I often only find the inspiration to write when I’ve recently traveled somewhere or had an awesome experience. But let’s be honest – most days are really not that blog-worthy. Today was one of those days. Today was also the day I decided to make homemade hair products.
A few days ago, I swept the floor and was appalled at how much of my hair came up in the broom. I frequently pull out a handful here and there, but during a particularly paranoid moment, I began to wonder…
Slowly but surely, am I going bald?
For the past year and a half, I’ve written for lots of natural health blogs like Navitas Naturals and Seagate but then hit the shower and continued to use my cheap-o, chemical-ridden hair products. I’ve come across plenty of DIY beauty product recipes but always wrote them off as too expensive and too much of a hassle.
But maybe, just maybe, 10+ years of dying my hair and slathering on stuff I can’t pronounce had taken its toll on these tresses. Perhaps something a little more natural would prevent me from sweeping so often and stressing middle-age baldness.
Thanks to a couple helpful recipes from my mom, I already have been making my own carpet cleaner, glass cleaner, eyeglasses cleaner, and granola bars for a little while now.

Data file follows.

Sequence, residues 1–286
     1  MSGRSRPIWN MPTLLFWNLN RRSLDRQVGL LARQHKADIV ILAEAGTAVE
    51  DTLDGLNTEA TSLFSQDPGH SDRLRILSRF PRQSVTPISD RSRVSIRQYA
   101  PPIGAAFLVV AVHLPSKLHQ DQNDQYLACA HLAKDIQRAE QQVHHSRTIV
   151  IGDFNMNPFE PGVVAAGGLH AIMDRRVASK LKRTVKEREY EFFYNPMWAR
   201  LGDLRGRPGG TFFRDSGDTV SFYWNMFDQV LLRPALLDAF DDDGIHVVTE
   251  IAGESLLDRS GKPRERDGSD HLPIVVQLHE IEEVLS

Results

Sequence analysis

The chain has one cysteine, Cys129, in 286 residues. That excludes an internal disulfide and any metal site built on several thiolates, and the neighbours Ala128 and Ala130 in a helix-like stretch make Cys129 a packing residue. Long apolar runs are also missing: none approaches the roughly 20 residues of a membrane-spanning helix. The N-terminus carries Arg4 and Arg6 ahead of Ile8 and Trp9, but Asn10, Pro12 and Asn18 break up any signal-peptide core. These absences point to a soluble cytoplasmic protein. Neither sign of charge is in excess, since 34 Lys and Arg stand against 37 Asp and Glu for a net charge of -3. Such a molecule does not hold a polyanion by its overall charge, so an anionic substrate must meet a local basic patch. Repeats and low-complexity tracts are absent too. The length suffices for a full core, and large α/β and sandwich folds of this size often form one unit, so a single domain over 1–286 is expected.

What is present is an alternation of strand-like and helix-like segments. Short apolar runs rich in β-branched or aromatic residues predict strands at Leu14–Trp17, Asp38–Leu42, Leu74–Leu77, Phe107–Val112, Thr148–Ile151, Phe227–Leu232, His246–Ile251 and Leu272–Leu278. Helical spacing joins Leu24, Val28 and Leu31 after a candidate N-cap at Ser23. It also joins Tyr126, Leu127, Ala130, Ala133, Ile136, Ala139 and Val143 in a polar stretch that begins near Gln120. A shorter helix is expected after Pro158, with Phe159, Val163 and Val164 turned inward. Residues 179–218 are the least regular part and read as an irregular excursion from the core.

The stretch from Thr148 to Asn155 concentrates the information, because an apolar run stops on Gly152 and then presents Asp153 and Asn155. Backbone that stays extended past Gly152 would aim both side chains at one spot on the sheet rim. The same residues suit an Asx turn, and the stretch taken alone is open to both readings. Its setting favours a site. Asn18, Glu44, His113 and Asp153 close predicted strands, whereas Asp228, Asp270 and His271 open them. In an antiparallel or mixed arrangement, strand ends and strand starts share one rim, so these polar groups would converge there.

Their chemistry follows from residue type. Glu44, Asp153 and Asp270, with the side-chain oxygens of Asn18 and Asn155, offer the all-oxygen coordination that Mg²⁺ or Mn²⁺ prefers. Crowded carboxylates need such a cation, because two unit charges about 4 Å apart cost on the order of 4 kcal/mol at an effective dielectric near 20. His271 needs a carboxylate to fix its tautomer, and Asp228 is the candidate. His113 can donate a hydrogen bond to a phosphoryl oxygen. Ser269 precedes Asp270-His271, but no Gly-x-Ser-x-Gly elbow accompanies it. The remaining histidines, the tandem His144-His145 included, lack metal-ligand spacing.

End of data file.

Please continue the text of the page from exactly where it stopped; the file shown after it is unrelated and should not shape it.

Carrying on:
First thing this morning, I hopped on my bike and peddled over, in stereotypical fashion, to Whole Foods. Where else does one find things like guar gum and castile soap?
After scoping out a few recipes on WikiHow and Frugal Living, his is what I picked up for my homemade shampoo:
- Dr. Bronner’s Magic Soaps: 18-in-1 Hemp Tea Tree Pure Castile Soap, 8 oz. ($5.99)
- NOW brand rosemary essential oil, 1 oz. ($7.99)
- Chamomile tea bag (found in the cupboard)
- Olive oil (found in the cupboard)
Apparently, this recipe is supposed to provide hair with extra moisture and keep it from breaking and getting frizzy. The original recipe recommended tossing in peppermint oil and tree tea oil too, but essential oils aren’t cheap so I eenie-meenie-miney-mo’ed it and stuck with just rosemary.
And here’s what went into the homemade conditioner I made
- NOW brand 100% natural coconut oil, 7 oz. ($6.49)
- Bob’s Red Mill premium guar gum, 8 oz. bag ($5.69)
- Rosemary oil (tapped into the shampoo purchase)
- Water (found it in the tap)
I had also considered a conditioner recipe with apple cider vinegar and honey, but this one promised more “deep conditioning,” so I went with that.
Making the Shampoo
My only challenge in shampoo-making was math. You see, my recipe called for 12 oz. of castile soap, and my bottle only held 8 oz. So this Poli Sci and English major whipped out a calculator and did a series of ratio calculations…not exactly my idea of a good time. In the end, my super-scientific proportions looked like this:
- 8 oz. castile soap
- Just under 3 tbsp. chamomile tea
- Just under 1 tbsp. olive oil
- Just under 1 tbsp. rosemary oil
After heating the soap for a minute in the microwave, it immediately developed a weird film on top. I wasn’t sure whether to scrape the film off or try to mix it with the liquid. So I compromised and did a little of both.